I know, and I was the impulsive one. I was the one they would dare to do things. I was the one who caused fights. The guys in Anthrax would dare me to do things. Once I saw this couple making out at the bar at the Paramount hotel, so I went up to the guy and I started putting my fingers in his hair, my fingers in his ears, and he thought it was girl he was making out with, which was just awesome. It was one of the best things ever. I was the person you could dare to do stuff, and thank god I was sober. I don’t know what would have happened if I drank back then.
You write about how you’ve always been pretty straight-edge. How did you not fall into that substance trap?
I know, but I didn’t. They were kind of separate issues. With my virginity, I just wanted to get rid of it, I wanted to be done–I just couldn’t find anybody that I could be in love with. I wanted a boyfriend, I wanted to be in love. I didn’t want a one-night stand. I didn’t want to worry about would someone call me back. As time went on it just built and built, and that was just the frustrating part. You meet all these rockstars and they just sort of want to be with you, but you’re like, “Oh, I thought you wanted to be my boyfriend.”
Did you realize at the time that you had the best job ever?
I knew it was a cool job that was far above my pay grade and I was really lucky. It was just a matter of always trying to keep the job and not get fired. But I was always aware of being awake in my dream come true, and I loved that, but it was also nerve-wracking. I wanted to get as much as I could out of every experience, every interview, every concert, and every free gift, and at the same time push the boundaries without totally pissing people off. I think that, when you’re young, you should live a really loud, interesting life. You should kind of piss people off, make people roll their eyes. You have your whole life to sleep.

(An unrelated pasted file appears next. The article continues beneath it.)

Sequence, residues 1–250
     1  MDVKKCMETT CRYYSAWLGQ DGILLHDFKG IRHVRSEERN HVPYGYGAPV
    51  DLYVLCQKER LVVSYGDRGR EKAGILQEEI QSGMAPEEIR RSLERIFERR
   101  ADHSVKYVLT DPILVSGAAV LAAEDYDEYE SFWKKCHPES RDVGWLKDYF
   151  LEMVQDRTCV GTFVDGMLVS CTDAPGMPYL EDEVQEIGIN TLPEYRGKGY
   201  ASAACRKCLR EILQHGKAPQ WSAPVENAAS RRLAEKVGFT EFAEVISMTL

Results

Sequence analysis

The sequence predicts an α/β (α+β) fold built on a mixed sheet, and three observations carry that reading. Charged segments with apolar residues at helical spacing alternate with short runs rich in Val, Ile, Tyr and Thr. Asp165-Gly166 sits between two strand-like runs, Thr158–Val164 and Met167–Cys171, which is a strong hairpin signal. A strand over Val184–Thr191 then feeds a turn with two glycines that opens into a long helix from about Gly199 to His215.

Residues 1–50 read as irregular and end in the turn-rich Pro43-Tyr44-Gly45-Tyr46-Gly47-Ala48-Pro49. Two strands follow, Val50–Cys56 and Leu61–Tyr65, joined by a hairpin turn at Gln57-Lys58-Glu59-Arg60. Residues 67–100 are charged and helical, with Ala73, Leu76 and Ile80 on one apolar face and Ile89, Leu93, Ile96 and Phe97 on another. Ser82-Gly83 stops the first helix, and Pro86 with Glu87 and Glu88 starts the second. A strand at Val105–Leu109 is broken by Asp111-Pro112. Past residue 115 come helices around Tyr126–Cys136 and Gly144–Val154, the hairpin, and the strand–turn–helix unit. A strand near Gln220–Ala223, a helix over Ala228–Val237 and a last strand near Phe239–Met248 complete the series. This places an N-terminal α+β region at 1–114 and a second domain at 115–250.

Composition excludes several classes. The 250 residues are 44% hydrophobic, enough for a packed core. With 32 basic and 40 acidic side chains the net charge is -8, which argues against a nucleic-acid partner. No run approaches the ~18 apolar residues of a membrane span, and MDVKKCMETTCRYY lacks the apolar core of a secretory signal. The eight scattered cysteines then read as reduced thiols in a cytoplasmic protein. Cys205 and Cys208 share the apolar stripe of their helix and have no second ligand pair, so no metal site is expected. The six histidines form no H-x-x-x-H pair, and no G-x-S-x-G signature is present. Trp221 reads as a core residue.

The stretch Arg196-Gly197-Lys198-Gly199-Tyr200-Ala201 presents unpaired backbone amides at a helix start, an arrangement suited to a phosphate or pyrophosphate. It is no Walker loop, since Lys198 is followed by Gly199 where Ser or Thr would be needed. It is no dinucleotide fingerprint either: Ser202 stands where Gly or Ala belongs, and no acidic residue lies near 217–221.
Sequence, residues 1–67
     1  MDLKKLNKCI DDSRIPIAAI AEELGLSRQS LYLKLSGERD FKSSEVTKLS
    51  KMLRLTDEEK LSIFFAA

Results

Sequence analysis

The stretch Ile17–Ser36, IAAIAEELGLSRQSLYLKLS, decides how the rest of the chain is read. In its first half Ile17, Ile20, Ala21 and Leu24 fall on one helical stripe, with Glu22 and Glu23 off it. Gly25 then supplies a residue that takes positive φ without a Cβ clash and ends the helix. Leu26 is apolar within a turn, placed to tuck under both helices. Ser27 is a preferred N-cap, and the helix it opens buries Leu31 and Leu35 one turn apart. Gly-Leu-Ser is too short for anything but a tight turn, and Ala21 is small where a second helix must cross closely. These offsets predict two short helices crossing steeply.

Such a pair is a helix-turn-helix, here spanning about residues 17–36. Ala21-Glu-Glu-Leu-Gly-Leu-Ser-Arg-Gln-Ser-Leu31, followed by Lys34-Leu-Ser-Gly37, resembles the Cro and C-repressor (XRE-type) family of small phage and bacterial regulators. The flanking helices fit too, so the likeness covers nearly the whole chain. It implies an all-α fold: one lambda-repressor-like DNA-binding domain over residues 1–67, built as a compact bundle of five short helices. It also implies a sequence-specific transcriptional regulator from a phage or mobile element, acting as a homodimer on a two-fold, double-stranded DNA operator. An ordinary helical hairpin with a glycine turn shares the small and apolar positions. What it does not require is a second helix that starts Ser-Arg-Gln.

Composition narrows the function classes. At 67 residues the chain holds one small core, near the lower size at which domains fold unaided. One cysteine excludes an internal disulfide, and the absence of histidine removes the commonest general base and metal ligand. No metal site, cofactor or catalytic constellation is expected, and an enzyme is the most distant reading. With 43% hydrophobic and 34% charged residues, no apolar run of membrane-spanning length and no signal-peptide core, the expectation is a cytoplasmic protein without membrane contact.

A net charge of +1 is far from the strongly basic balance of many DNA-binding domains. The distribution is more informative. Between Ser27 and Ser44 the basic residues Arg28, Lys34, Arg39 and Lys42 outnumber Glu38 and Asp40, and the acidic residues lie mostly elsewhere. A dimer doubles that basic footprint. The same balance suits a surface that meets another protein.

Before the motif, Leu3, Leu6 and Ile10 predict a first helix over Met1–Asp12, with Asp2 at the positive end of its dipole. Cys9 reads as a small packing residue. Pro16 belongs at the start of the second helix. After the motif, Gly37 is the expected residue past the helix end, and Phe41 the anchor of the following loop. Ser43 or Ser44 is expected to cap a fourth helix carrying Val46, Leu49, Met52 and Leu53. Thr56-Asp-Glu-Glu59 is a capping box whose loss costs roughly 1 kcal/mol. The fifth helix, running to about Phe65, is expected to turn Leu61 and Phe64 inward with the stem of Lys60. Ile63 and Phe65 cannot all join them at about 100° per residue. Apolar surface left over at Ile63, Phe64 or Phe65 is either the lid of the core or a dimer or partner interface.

Was it something you were conscious of, or was it more of an innate desire to push people’s buttons?
I don’t know why people got so mad at me. I was just having fun. Some people took the things I was saying so much more seriously than I had intended. It would really piss certain people off, which I just didn’t get. I still don’t. There are certain people who get so mad at things I say and do that I just have to let go of it, because that is really not the way I intended it.
You don’t see too many on-air personalities doing that these days.
Still, even to this day. I see girls that want to be baby Kardashians and it makes me so sad. Women are willing to completely sacrifice their integrity for dudes that aren’t really worth it. There are guys out there who like smart women. Young women always gravitate toward these douchebag insecure assholes and it has created a nation of zombie sluts, and it’s really sad. Not all women are like that, but there are just as many who want to be the star of a reality TV show as there are those who want to go to medical school. I blame that on ObamaCare.
You were pretty assertive and ballsy back then. Do you feel like you still are that person when you’re on the radio or on TV?
I still feel that way, but I know from watching interviews and broadcasts that I do now that I am not that aggressive. I feel that way. I feel the same way I did when I was five, but I know when I watch now–I really try to learn as much about broadcasting and interviewing as I possibly can– I know that I am a way better listener. I watch some of those old interviews, and I wasn’t listening at all. I broke so many cardinal rules of interviewing, and I thought that I was a great listener but I talk about myself so much. I really try to not do that now.